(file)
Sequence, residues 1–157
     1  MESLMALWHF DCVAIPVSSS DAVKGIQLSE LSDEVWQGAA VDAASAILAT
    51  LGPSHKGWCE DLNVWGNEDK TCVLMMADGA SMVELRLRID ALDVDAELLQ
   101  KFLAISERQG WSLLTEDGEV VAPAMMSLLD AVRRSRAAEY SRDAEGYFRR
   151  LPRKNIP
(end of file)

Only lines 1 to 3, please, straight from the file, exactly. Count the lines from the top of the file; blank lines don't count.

Sequence, residues 1–157
     1  MESLMALWHF DCVAIPVSSS DAVKGIQLSE LSDEVWQGAA VDAASAILAT
    51  LGPSHKGWCE DLNVWGNEDK TCVLMMADGA SMVELRLRID ALDVDAELLQ